Baled plastics in Switzerland awaiting a buyer (Photo by mbeo) creative commons license via Flickr

The European Commission’s Executive Agency for Small and Medium-sized Enterprises, ESME, manages the calls for proposals under Horizon 2020’s societal challenge, Climate Action, Environment, Resource Efficiency and Raw Materials.

The agency is funding projects under the Horizon 2020 program that guarantee a sustainable supply and use of raw materials, and the protection and sustainable management of natural resources and ecosystems.

On December 8, 2015 EASME organized a networking meeting for 21 waste-related research and innovation projects.

The meeting kicked off 13 projects selected under Horizon 2020’s “Waste: A resource to recycle, reuse and recover raw materials” call for proposals in 2015.

This year, by the call deadline March 8, the European Commission had received 333 proposals for Horizon 2020 funding for projects in the areas of climate action, environment, resource efficiency and raw materials.

A budget of about €283 million is available in 2016 for projects in these areas. In April, independent expert panels will evaluate the proposals, choosing which ones to fund.

A project funded this way is revolutionizing the secure envelope market. Inspired by EU efforts to promote products made from eco-friendly materials, this Italian initiative seeks to replace envelopes made from polluting polyethylene plastic, with paper, laminated with eco-plastic that incorporates tamper-indication techniques.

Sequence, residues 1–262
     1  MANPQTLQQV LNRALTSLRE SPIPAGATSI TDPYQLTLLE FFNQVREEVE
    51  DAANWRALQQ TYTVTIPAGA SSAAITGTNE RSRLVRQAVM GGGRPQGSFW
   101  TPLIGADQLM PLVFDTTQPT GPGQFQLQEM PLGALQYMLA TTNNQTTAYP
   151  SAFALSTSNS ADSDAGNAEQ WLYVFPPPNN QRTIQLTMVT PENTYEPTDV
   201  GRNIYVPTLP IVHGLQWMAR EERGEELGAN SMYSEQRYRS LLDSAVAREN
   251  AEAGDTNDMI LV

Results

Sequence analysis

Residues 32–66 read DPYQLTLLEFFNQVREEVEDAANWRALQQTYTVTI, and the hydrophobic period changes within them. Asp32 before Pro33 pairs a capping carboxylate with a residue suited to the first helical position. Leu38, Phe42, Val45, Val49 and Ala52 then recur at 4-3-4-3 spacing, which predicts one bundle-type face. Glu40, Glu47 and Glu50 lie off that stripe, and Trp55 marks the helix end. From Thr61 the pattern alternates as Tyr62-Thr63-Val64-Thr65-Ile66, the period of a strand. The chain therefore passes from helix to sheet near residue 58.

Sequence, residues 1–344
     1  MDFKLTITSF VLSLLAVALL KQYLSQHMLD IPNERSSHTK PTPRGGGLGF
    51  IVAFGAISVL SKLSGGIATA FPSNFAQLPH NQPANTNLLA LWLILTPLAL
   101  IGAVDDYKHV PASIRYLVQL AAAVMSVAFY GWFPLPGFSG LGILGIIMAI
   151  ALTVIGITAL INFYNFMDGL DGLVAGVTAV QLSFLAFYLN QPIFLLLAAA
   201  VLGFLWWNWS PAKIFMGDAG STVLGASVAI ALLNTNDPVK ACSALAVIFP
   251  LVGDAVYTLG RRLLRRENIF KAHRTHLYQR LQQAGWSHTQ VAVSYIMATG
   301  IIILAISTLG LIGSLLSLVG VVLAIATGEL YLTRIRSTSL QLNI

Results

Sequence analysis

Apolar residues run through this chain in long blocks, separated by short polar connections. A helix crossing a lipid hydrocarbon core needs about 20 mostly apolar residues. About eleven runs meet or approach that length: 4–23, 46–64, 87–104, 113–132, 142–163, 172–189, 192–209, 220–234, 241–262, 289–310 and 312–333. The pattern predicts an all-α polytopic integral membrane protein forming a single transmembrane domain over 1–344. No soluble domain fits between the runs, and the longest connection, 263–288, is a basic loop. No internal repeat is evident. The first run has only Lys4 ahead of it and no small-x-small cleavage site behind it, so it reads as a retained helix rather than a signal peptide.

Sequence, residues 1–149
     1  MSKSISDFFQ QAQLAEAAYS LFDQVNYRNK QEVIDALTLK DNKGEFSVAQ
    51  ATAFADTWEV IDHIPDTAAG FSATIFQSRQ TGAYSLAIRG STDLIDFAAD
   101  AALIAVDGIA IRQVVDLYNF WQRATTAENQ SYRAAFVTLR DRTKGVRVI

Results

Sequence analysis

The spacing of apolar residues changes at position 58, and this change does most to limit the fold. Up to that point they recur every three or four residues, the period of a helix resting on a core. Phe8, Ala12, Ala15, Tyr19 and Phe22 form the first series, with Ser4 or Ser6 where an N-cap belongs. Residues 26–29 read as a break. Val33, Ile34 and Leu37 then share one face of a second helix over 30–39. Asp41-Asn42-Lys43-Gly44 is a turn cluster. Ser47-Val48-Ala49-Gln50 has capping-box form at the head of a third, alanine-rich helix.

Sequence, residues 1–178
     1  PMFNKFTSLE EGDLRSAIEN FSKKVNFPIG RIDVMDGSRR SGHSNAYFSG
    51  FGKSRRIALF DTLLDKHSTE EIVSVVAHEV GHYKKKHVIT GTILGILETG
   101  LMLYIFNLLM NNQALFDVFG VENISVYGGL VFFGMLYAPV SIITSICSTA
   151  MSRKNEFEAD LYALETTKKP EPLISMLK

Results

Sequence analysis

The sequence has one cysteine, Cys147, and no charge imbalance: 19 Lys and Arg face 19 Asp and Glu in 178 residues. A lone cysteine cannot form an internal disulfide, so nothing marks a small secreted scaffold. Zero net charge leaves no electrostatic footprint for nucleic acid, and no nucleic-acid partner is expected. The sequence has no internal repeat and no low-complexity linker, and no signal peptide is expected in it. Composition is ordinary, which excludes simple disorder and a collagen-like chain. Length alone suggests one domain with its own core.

The goal of the SELOPE project is to produce at industrial scale an innovative security envelope, made from certified Forest Stewardship Council paper, laminated with eco-plastics and Mater-Bi, a biodegradable, compostable bioplastic made from plants.

By using these innovative materials, the company says it cuts its CO2 emissions, diverts waste from landfills and promotes recycling and compostability.

In the UK, Impact Laboratories Ltd. has developed a method for the cost-efficient separation of mixed polymers, using a patent pending process of vertically arranged blades oscillating to produce separation.

Developed to meet the needs of the recyclers, the process involves a low capital and operational expenditure. This opens the equipment to small and medium sized recyclers across Europe, allowing them to separate plastics which are now classed as too expensive to separate.

This adds value to the recycler, creates jobs, reduces the plastic going to landfill, and provides manufacturers with a rich source of useable recycled material at a local level.

“Our technology has the potential to make a major change in the way plastics are recycled across Europe,” Impact says. “Every unit will reduce plastic to landfill by 2,000 tonnes a year, helping Europe meet the EU goals for plastic recycling by 2020.”

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Crushed plastic bottles awaiting recycling (Photo by Lisa Risager) creative commons license via Flickr

The European Commission has adopted an ambitious Circular Economy Package.